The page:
The Times November 27, 2006
Ned Parker, Baghdad and Tom Baldwin, Washington
Plea to politicians for end to feuding
Baghdad braced for new rampage
The Iraqi Prime Minister was looking increasingly precarious last night as domestic factions worked to undermine him and Washington leaders came close to writing him off.
Nouri al-Maliki went on television to urge rival politicians to stop feuding and to plead with Iraqis to halt their country’s slide towards civil war.
There were fears, however, that armed Sunni and Shia groups would go on the rampage today when a three-day ban on Baghdad traffic is lifted.
Mr al-Maliki announced that new measures would be taken to impose order, but did not give any details. Despite his appeals and several public appearances by Sunni, Shia and Kurdish leaders over the past three days, some government factions worked to promote a sectarian message.
State-run Iraqiya television has broadcast repeatedly an inflammatory meeting in Sadr City, where Shia government officials and citizens accused Sunni neighbourhoods of supporting terrorists. In turn al-Zawra, the banned Sunni television channel, aired footage of Sunni insurgents blowing up US Humvees and tanks. “We are waiting for the final chapter, for your Saigon moment,” a rebel commander bragged in a taunt to US President Bush.
Mahmoud Osman, a senior Kurdish politician, gave warning that Mr Maliki was too weak within his own Shia political coalition to stand up to hardliners who wish to fight the Sunnis. “The moderate elements do not have the upper hand.”
US commanders also doubt that Mr al-Maliki is willing to take on the Shia militias, whose political organisations form the backbone of his support. Mr Bush is hoping to shore up the credibility of the al-Maliki Government when the pair meet in Amman on Wednesday. Mr Bush will also reassure him that the US is not planning to quit in a hurry, despite growing domestic pressure.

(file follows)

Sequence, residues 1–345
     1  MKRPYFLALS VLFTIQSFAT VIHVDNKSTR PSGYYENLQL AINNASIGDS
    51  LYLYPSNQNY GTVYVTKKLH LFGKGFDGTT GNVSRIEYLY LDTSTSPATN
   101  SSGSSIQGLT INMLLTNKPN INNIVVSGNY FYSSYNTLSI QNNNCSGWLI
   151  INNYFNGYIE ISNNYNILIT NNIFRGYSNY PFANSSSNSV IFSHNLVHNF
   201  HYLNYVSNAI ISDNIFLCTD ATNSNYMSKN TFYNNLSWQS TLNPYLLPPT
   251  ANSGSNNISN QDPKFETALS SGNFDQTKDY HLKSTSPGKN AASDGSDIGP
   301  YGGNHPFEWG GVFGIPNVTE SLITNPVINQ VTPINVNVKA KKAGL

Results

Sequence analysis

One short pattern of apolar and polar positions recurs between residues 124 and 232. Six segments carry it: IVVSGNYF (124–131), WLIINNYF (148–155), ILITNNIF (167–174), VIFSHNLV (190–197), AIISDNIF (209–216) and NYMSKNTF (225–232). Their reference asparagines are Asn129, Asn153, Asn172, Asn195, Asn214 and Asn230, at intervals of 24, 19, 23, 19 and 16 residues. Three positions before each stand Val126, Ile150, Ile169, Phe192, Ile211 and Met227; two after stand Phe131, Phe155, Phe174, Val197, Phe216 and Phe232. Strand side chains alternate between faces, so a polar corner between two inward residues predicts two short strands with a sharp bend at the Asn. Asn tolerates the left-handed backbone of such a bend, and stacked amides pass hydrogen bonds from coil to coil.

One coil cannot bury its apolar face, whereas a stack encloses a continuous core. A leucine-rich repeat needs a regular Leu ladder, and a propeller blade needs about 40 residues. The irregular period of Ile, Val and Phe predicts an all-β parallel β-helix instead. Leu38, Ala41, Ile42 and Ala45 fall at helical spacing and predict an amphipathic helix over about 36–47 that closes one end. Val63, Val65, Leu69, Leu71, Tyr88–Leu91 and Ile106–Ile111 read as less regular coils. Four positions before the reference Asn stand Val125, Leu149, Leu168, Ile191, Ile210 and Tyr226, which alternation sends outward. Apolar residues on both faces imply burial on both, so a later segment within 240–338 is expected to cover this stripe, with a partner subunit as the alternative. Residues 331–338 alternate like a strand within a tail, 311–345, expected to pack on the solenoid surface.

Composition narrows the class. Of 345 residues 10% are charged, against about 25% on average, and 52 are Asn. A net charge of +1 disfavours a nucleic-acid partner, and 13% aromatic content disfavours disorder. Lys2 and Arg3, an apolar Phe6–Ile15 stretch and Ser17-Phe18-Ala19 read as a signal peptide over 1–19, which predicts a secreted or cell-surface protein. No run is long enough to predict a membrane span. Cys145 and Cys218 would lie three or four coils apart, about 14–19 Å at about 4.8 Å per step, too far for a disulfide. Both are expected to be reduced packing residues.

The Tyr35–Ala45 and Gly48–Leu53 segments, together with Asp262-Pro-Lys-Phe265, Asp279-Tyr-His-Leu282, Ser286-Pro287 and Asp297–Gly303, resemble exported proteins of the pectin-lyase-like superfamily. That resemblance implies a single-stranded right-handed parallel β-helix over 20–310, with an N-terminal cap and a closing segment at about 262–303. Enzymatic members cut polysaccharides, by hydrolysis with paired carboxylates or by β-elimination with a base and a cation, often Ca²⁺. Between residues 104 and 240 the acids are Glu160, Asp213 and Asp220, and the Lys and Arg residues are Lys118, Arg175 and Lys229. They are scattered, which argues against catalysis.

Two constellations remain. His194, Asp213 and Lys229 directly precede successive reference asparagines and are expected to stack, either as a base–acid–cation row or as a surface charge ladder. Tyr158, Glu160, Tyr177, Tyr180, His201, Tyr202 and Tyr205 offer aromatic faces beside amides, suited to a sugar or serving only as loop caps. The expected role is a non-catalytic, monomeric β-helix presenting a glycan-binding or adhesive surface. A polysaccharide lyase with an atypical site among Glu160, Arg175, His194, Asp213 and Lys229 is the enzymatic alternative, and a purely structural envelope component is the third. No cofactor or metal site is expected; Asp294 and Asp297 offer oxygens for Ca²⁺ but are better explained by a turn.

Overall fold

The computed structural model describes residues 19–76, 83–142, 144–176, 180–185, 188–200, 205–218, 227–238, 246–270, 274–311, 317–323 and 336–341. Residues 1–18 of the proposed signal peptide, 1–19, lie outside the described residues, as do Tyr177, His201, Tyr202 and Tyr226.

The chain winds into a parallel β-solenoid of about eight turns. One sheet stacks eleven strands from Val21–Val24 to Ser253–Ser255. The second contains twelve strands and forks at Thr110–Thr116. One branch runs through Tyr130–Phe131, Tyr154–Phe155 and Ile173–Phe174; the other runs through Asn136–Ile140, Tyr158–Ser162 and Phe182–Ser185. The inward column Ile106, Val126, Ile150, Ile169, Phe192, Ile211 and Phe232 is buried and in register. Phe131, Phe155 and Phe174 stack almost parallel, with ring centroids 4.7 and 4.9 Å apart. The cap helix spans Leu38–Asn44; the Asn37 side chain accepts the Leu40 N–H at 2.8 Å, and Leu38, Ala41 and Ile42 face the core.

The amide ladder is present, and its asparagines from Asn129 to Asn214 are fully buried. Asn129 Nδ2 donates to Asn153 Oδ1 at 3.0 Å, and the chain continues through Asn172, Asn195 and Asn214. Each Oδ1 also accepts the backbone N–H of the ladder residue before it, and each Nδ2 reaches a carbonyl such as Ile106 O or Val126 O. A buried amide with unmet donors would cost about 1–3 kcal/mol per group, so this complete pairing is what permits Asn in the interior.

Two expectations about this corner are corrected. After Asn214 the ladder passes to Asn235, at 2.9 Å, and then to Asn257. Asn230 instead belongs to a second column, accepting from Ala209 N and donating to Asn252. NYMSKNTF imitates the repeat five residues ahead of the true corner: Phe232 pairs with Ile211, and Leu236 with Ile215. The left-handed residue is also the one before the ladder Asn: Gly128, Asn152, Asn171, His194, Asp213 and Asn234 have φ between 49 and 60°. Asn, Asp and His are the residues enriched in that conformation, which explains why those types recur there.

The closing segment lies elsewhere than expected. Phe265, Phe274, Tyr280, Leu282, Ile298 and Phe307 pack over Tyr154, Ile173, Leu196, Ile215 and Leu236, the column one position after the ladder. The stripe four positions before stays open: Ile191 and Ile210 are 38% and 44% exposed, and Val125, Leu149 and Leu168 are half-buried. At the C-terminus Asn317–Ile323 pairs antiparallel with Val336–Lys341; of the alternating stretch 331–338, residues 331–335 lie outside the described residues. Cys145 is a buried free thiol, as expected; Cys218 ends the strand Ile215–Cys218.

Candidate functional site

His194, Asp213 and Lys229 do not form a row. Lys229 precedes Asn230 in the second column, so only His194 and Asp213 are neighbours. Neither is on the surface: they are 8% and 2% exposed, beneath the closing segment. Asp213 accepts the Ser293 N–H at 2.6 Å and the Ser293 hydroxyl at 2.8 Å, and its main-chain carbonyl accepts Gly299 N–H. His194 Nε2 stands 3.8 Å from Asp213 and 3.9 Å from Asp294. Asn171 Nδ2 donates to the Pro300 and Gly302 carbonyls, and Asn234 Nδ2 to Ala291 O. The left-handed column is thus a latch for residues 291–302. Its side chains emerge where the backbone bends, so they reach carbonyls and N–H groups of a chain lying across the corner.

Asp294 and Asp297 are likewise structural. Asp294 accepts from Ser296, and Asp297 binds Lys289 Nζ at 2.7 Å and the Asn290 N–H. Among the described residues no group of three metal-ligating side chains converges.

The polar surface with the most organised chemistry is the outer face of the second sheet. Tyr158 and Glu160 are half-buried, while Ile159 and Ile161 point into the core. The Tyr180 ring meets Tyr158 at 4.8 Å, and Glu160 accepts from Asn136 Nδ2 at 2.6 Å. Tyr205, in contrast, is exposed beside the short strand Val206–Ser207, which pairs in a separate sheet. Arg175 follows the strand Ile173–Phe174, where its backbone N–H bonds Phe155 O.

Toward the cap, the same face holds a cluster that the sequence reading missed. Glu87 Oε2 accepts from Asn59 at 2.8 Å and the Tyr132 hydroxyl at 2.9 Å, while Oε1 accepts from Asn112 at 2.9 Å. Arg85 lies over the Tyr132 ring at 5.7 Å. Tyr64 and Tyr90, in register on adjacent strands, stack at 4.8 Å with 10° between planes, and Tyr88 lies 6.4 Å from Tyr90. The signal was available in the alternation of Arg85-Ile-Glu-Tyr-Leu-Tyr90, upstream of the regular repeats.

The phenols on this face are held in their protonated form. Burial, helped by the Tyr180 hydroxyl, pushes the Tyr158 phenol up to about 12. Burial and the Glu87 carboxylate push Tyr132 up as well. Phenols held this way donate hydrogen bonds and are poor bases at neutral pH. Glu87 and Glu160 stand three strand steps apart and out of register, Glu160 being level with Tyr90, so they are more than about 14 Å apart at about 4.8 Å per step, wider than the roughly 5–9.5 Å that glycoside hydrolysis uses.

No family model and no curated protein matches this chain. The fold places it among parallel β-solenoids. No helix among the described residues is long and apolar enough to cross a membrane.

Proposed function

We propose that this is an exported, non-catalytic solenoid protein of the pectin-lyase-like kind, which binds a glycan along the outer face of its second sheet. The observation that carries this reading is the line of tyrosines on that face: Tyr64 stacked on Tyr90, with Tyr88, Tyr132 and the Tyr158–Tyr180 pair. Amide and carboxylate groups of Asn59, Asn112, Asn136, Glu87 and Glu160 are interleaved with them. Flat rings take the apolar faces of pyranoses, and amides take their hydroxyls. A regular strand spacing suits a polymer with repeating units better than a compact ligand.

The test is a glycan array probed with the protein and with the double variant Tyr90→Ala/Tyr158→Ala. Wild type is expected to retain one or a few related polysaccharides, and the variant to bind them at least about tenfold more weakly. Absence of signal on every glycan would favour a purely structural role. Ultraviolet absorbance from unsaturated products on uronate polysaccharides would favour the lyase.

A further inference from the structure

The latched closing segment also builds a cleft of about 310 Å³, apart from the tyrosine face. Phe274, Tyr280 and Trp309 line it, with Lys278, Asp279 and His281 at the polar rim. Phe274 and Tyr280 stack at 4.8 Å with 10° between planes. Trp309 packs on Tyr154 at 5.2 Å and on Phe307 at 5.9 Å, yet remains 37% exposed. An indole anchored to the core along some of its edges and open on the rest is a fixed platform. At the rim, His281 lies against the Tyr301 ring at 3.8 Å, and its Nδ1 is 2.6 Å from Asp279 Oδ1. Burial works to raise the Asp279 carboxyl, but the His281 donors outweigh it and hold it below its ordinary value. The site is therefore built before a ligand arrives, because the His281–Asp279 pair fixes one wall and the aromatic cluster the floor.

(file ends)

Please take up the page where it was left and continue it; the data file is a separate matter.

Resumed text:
The Republican Senator Sam Brownback, a possible presidential candidate in 2008, suggested a growing lack of faith in Mr al-Maliki, the Iraqi prime minister, saying that Mr Bush should find a way of by-passing the al-Maliki Government. His colleague, Senator Chuck Hagel, called for troops to come home, saying: “The US can still extricate itself honourably from Iraq.” In Baghdad, a member of powerful cleric Moqtada al-Sadr’s Mahdi Army, furious over Thursday’s carnage in Sadr City that killed more than 200, bragged how they would take revenge.
Sunnis in western Baghdad are terrified that Iraqi units will assist the Mahdi Army or look the other way as they have done in the past, most famously in July when Shia gunmen set up checkpoints in al-Jihad neighbourhood and massacred 40 people on their way to work.
Yesterday afternoon, dozens of Shia gunmen made a push into the Sunni distict al-Adl, which borders Hurriya. A three-hour gunfight broke out near the home of a senior Sunni politician Adnan alDulaimi, reviled as a terrorist by many Shia nationalists.
The Times is the only British newspaper to maintain a full-time Baghdad bureau